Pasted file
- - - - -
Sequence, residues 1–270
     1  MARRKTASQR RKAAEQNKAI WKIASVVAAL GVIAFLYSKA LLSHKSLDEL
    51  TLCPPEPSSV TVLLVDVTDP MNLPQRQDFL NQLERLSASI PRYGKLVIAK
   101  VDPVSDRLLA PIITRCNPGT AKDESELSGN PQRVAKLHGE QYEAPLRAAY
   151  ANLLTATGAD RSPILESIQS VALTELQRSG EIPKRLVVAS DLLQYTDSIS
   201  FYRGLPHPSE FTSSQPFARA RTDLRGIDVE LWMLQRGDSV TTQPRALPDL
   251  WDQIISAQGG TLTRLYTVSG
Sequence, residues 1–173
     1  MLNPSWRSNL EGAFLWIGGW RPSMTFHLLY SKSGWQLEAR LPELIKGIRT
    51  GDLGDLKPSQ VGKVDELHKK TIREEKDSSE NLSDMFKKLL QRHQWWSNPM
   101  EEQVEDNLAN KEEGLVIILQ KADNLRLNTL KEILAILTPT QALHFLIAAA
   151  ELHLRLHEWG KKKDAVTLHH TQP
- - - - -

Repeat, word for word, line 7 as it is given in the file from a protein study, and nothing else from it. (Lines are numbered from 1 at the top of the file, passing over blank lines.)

   251  WDQIISAQGG TLTRLYTVSG